The new Pension Schemes Act 2021, once fully implemented, will significantly enhance the powers of the Pensions Regulator. It will also materially increase the obligations of scheme employers to notify the Regulator and scheme trustees of planned corporate transactions.
This briefing considers what this will mean for employers and trustees of defined benefit (DB) pension schemes.
Why is the Government widening the Regulator’s powers?
The new powers have their origin in high-profile insolvencies involving DB pension schemes, such as Bhs and Carillion, where the Regulator was criticised for not doing more to protect scheme members and the Pension Protection Fund. Following consultation in 2018, the Government concluded that the powers of the Regulator should be significantly strengthened to enable it to take more decisive action against companies and individual directors attempting to off-load or avoid their DB pension scheme liabilities.
To help with this, the Regulator also needs to have adequate forewarning of certain “red flag” events. This is to enable it to intervene at a point when it can still make a difference – i.e. before the pension scheme finds itself as one of many unsecured creditors of an insolvent employer. Therefore the new Act also expands the Regulator’s existing early warning system – the so-called “notifiable events” regime.
When are the new powers coming into force?
The Pensions Minister, Guy Opperman, has said that he expects the powers to be available for the Regulator to enforce from this autumn.
They are contained within the Pension Schemes Act 2021 (the Act), formerly the “Pension Schemes Bill 2019-2021” (the Bill), which received Royal Assent on February 11, 2021.
This has been a long, drawn-out process. The Bill was first introduced in 2019 but its passage through Parliament was greatly delayed, due mainly to the general election and global pandemic.
The new Act provides the framework for these powers and already provides much of the detail. However, the relevant provisions will not come into force immediately. Further detail is needed on some aspects of the new powers and obligations which will be set out in regulations and guidance. Further consultations are expected in the first half of 2021.
Why is this of interest to scheme employers and trustees?
Since the Bill was first published, there has been much commentary and lobbying about the broad scope of the new Regulator powers and particular focus on the proposed criminal offences. The concern is that they could catch legitimate corporate activity.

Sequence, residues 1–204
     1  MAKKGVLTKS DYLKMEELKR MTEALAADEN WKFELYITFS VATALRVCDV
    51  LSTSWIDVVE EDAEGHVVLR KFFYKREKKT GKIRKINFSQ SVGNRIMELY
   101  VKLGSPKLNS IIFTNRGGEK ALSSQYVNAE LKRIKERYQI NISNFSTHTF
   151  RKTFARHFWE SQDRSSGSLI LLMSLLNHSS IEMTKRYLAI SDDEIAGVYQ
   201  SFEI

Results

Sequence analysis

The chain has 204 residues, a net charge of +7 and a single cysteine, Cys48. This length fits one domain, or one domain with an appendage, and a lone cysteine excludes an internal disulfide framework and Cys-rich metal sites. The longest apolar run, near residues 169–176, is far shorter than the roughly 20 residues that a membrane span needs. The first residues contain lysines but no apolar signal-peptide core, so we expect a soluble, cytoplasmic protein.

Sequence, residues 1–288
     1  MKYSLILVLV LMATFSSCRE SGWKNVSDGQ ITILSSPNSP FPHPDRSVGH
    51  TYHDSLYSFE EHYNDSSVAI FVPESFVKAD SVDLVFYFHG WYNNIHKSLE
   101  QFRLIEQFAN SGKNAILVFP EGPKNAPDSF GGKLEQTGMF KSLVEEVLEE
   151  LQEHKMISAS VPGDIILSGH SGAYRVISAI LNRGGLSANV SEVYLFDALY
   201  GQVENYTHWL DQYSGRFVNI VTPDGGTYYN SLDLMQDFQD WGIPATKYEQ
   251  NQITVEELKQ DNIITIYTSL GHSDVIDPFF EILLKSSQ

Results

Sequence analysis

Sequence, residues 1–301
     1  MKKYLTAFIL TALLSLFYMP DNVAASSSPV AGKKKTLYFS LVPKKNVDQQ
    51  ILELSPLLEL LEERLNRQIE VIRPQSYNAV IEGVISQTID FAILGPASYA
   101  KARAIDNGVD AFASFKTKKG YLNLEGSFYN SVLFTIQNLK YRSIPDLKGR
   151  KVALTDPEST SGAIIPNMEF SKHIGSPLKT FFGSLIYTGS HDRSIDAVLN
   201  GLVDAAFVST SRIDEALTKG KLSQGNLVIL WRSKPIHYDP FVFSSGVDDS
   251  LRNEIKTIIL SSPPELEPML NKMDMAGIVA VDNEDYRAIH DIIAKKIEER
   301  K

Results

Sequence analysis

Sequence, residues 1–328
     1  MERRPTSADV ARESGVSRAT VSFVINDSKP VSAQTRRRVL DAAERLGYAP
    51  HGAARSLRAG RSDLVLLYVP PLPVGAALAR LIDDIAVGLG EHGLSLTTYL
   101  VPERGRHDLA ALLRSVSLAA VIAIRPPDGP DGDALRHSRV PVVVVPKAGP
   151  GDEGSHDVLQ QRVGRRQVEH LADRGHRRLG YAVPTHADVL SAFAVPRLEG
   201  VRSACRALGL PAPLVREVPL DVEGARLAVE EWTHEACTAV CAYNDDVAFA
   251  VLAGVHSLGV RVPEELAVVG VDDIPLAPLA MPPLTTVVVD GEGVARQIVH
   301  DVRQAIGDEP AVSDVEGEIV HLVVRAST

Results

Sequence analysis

They will also allow the Regulator to target an even wider range of companies and individuals than under its existing powers.
Meanwhile – though perhaps less headline-grabbing – there has been concern among acquisitive corporates in particular about whether the new notification obligations will be workable in practice, Material fines could apply where there is a breach.
What are the new criminal offences?
Perhaps the most widely talked-about aspect of the Act is the introduction of three criminal offences:
- Avoiding an employer debt
- Conduct risking accrued scheme benefits, and
- Failure to comply with a “Contribution Notice” (one of the Regulator’s existing powers, which will also be widened – see below).
All three offences are punishable by unlimited fines, and the first two can also attract a prison sentence of up to seven years.
Avoiding an employer debt
This offence is committed by a person who by their act or conduct (or failure to act) prevents a so-called “Section 75 debt” from becoming due or reduces the amount that becomes due, prevents the recovery of all or part of an existing Section 75 debt or compromises the debt.
The person must have intended that their actions would have such an effect.
A Section 75 debt is, broadly, an employer debt measured on the insurance company “buy-out” basis and it can be triggered in various circumstances including employer insolvency.
Conduct risking accrued scheme benefits
An offence is committed where a person’s actions (or failure to act) have a materially detrimental effect on the likelihood of accrued benefits being received.
The person must have known or ought to have known that their actions would have the detrimental effect.
Why have these new criminal offences caused so much concern?
These offences go much further than the original intention expressed in the White Paper, which was to punish “wilful or grossly reckless behaviour” in relation to a DB pension scheme.
They are very widely framed.